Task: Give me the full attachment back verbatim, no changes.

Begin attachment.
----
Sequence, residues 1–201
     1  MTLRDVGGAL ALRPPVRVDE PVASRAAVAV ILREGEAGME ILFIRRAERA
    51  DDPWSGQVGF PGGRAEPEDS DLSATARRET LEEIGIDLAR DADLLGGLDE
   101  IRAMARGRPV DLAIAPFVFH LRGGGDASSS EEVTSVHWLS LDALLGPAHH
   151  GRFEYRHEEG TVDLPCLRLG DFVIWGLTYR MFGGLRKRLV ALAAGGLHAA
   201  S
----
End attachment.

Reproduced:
Sequence, residues 1–201
     1  MTLRDVGGAL ALRPPVRVDE PVASRAAVAV ILREGEAGME ILFIRRAERA
    51  DDPWSGQVGF PGGRAEPEDS DLSATARRET LEEIGIDLAR DADLLGGLDE
   101  IRAMARGRPV DLAIAPFVFH LRGGGDASSS EEVTSVHWLS LDALLGPAHH
   151  GRFEYRHEEG TVDLPCLRLG DFVIWGLTYR MFGGLRKRLV ALAAGGLHAA
   201  S